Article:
Tech Levels: The Lowdown

  • Last updated 16 Aug 2016


As the government brings in more changes to the way you sit exams and gain qualifications, there is now something else to consider: Tech Levels.

What are Tech Levels exactly?

Tech levels are new qualifications that you could pursue after your GCSEs. They focus on vocational skills, rather than the purely academic, like A-levels. The government has proposed that a Tech Level should be around the same size as an A-level, so you’re looking at a vocational equivalent here. They cover a wide range of industries, from accounting and engineering, to IT and hospitality.

One of the differences with Tech Levels is that they can be endorsed by employers and trade associations. This is meant as an indicator of quality and what certain employers and universities are looking for, so that students can use this information to decide which qualifications to pursue to best prepare them for a particular career path.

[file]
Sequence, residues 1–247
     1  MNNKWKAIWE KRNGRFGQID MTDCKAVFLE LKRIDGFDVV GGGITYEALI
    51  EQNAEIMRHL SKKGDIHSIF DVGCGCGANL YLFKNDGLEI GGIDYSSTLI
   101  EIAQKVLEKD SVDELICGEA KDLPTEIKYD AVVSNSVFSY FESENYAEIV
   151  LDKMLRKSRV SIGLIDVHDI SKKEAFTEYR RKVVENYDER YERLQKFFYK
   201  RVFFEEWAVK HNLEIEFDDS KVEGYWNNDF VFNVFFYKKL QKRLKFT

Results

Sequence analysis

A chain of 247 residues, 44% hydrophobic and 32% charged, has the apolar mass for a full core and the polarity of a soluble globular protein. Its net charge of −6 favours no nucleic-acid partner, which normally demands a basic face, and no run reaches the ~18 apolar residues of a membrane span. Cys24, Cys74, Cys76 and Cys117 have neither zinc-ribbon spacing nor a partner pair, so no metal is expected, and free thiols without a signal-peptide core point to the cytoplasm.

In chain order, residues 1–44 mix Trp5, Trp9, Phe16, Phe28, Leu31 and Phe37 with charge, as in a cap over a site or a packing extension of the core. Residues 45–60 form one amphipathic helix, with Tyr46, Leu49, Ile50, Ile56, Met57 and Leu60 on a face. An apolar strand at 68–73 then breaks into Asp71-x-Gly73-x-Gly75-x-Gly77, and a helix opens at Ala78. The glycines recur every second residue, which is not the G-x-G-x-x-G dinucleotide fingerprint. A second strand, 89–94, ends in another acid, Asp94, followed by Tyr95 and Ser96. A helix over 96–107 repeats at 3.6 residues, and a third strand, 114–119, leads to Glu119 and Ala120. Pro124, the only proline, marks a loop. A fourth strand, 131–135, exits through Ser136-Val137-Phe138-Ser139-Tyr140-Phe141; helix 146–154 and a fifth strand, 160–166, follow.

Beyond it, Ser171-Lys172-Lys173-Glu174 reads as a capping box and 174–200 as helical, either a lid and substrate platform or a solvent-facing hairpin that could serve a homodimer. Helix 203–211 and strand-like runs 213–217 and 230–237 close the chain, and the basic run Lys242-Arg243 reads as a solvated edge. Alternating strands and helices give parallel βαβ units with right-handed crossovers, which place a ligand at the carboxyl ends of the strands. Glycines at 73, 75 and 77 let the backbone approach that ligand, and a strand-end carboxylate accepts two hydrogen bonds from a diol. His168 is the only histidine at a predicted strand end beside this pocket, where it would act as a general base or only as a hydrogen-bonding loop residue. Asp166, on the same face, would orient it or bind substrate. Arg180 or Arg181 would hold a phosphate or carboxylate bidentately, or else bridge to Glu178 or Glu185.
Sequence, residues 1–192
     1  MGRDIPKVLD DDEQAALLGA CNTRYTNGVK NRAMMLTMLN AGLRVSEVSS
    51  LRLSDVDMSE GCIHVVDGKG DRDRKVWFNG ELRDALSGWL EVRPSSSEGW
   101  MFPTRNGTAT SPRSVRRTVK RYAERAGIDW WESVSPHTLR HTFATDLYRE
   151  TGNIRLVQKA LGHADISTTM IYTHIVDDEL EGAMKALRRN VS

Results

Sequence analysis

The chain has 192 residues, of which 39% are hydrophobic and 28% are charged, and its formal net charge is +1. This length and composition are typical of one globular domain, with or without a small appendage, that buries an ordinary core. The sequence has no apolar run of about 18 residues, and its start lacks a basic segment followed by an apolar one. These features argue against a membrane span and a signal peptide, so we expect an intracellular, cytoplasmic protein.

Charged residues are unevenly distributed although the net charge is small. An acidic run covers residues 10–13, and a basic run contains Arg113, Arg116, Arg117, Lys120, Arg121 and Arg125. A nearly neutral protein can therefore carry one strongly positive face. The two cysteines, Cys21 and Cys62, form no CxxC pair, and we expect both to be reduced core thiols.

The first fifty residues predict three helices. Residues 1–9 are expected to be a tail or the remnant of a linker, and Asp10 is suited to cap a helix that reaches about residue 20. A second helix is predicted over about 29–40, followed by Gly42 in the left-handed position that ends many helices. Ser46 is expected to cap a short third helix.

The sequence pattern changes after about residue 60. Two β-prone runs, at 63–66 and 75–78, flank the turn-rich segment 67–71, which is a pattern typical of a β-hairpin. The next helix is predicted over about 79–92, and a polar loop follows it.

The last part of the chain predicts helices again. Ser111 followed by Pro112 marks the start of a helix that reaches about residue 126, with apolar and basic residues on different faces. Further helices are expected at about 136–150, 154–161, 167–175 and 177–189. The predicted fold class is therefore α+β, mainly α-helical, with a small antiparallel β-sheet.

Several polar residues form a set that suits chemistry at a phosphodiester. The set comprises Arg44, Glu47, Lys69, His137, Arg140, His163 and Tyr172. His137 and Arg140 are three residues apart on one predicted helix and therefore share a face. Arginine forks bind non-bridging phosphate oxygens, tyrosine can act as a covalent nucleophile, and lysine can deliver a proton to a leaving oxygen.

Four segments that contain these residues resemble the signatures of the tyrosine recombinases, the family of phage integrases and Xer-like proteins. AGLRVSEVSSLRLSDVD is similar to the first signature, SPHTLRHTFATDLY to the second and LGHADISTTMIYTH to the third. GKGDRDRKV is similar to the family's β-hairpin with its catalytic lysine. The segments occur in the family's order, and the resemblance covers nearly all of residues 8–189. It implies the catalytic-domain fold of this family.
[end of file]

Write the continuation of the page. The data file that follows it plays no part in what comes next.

Unlike the majority of A-level courses, Tech Levels also involve work experience with a relevant employer to put skills learnt into practice in a real-life context, and to develop them further.

Why might I study Tech Levels?

If you’re unsure of a purely academic route after your GCSEs and think you could be well suited to a more hands-on type of learning, then that’s where Tech Levels could come in. It can be a way of demonstrating an advanced level of skill in a certain field,

Tech Levels are set to replace the vast majority of vocational qualifications on offer at colleges (the government has stated around 80%), so it looks like this could well be your first port of call if you want to progress on the vocational side of things.

The work experience element of Tech Levels will also allow you to test out a working environment, and you’ll be able to see if it’s something you want to develop a career in in the long term. Tech Levels are also designed to tackle some of the current skills shortages in the UK, so it’s likely that you will be in a strong position to enter a career route such as an apprenticeship or school leaver programme after sixth form or college as employers will be on the lookout for your skills!

Read more:

Alternatives to A-levels

School leaver programmes: qualifications

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